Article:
Craig Terry Interview

    Interviewed by: Wade Hanna

This month we get to here from one of my own home town guys (well, same state anyway <g>).  Craig Terry is another of the up and coming on the National level.  Anyone who has seen Craig in person will know right away the he is a puller...and then you see him pull and you get inspired because even though you see the build, the man can flat out pull!!  Officially he has pulled 765@198 and just this past July in Chicago Craig took a monster try at a National record of 783!!  Having seen Craig pull on a number of occasions I can tell you he was inches away from completing that lift...he has a spot right around his knees that seems to be his bane.  Once he clears that though...start clapping cuz' the lift is as good as done.  Keep your eyes and ears peeled though for his name, you are going to here a lot more from Craig Terry before he is done in this game...I promise. <g>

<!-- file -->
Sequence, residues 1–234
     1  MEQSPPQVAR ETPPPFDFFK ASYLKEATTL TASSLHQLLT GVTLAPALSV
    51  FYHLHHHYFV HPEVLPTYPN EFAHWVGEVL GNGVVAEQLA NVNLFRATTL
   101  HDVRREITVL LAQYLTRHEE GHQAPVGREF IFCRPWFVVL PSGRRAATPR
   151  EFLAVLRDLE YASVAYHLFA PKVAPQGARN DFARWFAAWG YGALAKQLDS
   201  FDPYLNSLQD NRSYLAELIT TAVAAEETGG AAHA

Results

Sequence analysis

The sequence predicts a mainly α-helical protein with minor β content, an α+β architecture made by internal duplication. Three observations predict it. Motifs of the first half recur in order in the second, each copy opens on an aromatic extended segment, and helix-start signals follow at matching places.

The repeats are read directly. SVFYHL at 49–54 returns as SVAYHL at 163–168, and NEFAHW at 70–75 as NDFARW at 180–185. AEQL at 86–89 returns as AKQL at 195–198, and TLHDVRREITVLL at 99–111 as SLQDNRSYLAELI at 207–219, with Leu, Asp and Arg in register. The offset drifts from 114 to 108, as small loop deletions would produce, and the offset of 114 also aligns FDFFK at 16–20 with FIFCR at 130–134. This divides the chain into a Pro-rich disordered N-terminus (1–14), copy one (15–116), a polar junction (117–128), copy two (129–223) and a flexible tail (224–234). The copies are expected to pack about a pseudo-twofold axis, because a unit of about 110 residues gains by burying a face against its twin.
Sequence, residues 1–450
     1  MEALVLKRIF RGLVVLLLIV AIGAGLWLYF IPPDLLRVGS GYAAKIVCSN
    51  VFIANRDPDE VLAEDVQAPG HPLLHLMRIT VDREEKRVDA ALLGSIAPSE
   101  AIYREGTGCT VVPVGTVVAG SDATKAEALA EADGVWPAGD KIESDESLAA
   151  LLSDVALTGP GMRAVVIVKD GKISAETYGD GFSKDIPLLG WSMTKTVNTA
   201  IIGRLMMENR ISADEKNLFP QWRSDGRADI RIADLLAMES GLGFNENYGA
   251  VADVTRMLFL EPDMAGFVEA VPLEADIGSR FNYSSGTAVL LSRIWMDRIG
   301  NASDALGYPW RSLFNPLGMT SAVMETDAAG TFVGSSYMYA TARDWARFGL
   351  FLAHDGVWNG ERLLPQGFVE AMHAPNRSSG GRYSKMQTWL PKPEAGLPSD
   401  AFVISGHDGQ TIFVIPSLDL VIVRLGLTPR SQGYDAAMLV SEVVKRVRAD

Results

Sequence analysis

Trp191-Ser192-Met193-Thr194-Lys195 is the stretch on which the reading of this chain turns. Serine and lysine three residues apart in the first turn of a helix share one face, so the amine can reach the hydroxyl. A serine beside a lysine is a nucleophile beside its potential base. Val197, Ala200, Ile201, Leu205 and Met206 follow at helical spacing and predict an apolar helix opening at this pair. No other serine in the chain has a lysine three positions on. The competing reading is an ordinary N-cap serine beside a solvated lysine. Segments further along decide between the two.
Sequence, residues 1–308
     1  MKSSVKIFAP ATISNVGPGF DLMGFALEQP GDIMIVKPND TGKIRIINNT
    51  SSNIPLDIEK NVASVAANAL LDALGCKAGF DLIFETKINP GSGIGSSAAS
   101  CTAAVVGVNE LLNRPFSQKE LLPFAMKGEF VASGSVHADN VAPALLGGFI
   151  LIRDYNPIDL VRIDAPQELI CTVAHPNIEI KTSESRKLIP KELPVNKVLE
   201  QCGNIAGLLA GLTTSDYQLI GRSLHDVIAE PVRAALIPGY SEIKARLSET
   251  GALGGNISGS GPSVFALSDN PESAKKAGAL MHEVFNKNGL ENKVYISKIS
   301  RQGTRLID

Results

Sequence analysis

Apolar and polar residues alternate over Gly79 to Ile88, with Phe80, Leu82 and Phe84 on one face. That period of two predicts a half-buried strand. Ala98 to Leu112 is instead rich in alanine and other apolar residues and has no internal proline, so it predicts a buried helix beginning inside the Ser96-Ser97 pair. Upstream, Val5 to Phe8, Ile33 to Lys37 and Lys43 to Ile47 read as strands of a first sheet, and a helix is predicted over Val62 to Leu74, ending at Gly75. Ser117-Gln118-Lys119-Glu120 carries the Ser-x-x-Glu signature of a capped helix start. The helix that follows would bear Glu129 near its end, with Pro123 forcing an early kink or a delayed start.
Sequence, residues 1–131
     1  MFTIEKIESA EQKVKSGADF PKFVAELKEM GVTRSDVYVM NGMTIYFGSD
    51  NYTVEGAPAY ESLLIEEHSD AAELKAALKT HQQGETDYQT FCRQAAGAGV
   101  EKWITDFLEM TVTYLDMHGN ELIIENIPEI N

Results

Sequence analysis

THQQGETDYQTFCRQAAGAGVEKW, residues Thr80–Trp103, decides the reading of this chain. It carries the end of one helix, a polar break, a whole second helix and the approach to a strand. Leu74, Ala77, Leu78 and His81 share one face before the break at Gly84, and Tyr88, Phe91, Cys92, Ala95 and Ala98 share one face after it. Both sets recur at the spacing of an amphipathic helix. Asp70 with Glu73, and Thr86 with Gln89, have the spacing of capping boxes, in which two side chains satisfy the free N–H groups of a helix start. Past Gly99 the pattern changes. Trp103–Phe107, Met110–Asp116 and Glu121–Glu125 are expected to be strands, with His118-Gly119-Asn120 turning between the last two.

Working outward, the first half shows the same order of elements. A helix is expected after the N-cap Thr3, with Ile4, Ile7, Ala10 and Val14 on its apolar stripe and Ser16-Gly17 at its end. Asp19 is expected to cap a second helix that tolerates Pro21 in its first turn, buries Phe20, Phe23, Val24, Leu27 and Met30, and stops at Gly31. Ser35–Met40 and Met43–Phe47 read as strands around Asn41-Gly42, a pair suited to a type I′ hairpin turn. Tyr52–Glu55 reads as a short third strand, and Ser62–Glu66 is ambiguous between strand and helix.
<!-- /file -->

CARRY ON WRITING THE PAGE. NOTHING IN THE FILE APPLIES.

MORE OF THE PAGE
So, without further adieu lets here what Craig has to say.....

SO: Let's start with our obligatory biographical stuff...age, height, weight, occupation, etc.?

CT: I will be 36 on september 11.  I am a school psychologist.  I'm 5'6' tall and lift in the 198 pound class.  I train at Esther Tocco's Fitness Unlimited gym in Royal Oak, Michigan and the original Powerhouse in Highland Park.

SO: When did you start lifting and what got you into to it?  Also, what other sports were/are you active in before you started Powerlifting?